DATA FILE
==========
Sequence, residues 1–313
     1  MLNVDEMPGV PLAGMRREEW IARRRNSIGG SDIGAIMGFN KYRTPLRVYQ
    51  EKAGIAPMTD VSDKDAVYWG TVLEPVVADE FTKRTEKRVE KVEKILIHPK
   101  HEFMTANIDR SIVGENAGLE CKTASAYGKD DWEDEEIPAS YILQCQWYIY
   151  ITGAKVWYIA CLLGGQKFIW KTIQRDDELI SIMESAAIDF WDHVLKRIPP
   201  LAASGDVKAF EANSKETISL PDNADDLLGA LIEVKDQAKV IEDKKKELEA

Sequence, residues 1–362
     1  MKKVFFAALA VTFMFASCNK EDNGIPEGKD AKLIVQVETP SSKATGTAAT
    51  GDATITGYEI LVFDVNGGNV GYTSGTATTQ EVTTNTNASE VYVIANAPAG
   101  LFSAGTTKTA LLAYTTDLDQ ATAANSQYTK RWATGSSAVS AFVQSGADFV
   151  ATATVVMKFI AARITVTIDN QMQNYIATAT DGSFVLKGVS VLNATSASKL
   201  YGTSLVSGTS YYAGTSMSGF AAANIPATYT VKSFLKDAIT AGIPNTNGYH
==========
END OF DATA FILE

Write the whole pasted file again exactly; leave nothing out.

Sequence, residues 1–313
     1  MLNVDEMPGV PLAGMRREEW IARRRNSIGG SDIGAIMGFN KYRTPLRVYQ
    51  EKAGIAPMTD VSDKDAVYWG TVLEPVVADE FTKRTEKRVE KVEKILIHPK
   101  HEFMTANIDR SIVGENAGLE CKTASAYGKD DWEDEEIPAS YILQCQWYIY
   151  ITGAKVWYIA CLLGGQKFIW KTIQRDDELI SIMESAAIDF WDHVLKRIPP
   201  LAASGDVKAF EANSKETISL PDNADDLLGA LIEVKDQAKV IEDKKKELEA

Sequence, residues 1–362
     1  MKKVFFAALA VTFMFASCNK EDNGIPEGKD AKLIVQVETP SSKATGTAAT
    51  GDATITGYEI LVFDVNGGNV GYTSGTATTQ EVTTNTNASE VYVIANAPAG
   101  LFSAGTTKTA LLAYTTDLDQ ATAANSQYTK RWATGSSAVS AFVQSGADFV
   151  ATATVVMKFI AARITVTIDN QMQNYIATAT DGSFVLKGVS VLNATSASKL
   201  YGTSLVSGTS YYAGTSMSGF AAANIPATYT VKSFLKDAIT AGIPNTNGYH